By the end everything made sense and the puzzle pieces fit together perfectly. I understand why Gessner would give his killer the name “The Killer” until the main characters found out his identity, but I didn’t think it was necessary, since even his name didn’t mean anything until that was later further explained.

 

This novel was published by lulu.com 07/26/2010 and is available on Amazon here.

 

TLDR Star Rating: 4.50

 

Links for more information:

Goodreads

Book Review: The Heist by Shaun Jeffrey

heist

The Heist by Shaun Jeffrey

A Thriller Novel published by Deshca Press (02/05/2013)

 

Summary:

The Heist opens with a high stakes robbery at a theme park, resulting in the deaths of 87 innocents when the gang leader blows up a roller coaster as the robbers escape. Months later the lead investigator in the robbery/murder case Kurt Vaughn is out for a nice family day in the park with son and wife when they are all unwillingly thrust into the gang leader’s newest plan.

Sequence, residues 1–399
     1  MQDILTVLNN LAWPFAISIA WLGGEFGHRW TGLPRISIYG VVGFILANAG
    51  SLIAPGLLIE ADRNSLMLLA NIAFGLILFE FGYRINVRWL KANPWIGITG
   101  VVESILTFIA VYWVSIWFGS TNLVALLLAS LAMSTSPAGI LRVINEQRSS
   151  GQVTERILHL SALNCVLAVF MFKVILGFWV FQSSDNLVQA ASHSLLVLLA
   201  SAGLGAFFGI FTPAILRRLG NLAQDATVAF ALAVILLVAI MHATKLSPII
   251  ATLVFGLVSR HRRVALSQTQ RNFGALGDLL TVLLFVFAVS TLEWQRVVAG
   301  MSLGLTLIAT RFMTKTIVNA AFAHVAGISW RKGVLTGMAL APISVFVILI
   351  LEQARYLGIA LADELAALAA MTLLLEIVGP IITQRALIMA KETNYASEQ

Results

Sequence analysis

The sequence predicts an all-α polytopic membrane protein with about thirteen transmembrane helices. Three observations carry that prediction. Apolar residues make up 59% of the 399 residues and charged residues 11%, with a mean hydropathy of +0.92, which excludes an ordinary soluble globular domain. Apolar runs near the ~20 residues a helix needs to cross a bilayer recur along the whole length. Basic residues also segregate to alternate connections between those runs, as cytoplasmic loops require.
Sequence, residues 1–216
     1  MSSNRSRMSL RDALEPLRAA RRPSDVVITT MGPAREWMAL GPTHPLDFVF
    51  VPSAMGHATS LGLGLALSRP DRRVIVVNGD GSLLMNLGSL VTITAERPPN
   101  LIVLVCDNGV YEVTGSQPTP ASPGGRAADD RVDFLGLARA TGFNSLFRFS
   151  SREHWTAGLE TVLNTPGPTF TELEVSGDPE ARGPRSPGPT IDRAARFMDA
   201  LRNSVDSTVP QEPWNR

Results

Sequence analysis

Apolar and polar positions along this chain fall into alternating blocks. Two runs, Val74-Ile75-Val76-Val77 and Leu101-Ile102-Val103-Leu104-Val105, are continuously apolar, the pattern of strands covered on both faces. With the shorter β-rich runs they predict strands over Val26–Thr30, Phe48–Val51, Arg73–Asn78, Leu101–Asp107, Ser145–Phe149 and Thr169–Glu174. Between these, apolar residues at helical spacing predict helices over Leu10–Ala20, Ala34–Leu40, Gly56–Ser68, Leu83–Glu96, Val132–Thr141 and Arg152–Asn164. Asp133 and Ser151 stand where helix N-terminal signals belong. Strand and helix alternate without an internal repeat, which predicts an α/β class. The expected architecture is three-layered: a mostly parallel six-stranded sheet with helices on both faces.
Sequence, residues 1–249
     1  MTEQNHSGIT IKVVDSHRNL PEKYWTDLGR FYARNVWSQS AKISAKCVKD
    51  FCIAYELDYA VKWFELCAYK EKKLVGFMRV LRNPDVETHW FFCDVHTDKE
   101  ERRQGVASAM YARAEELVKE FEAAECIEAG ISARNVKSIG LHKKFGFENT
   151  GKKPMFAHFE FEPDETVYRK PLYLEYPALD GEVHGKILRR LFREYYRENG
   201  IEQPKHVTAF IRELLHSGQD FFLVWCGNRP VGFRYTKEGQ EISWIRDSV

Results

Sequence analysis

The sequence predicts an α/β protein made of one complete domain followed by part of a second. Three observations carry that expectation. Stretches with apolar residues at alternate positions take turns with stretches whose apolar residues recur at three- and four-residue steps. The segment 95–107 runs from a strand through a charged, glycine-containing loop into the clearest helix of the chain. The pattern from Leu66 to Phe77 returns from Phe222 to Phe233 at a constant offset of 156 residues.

Keywords:

Heist, GPS, Murder, Deranged, Thriller, Geocaching, Puzzles, Multicache, Investigation

 

My Review:

I picked up this novel because it involved geocaching and I wasn’t disappointed. There was a multi-cache with some cool puzzles and interesting hiding places. The author used some of the more clever points of geocaching, although technically only one geocache was involved. This story was like the geocache version of Dan Brown’s clever clues in The Da Vinci Code.

For such a simple story, at approximately 24k words, it was quite intriguing and the author kept the tension throughout, climaxing in an exciting hold-your-breath way and ending just the way I wanted. There were a few plot holes and inconsistencies, but they didn’t detract from the thrilling plotline. This could have been a longer story had the author filled in details between the heist and the time we meet Kurt and his family, but I thought the novel worked quite well just as it was.

 

This novel was published by Deshca Press 02/05/2013 and is available on Amazon here.

 

TLDR Star Rating: 4.25

 

Links for more information:

Goodreads

Shaun Jeffrey’s Website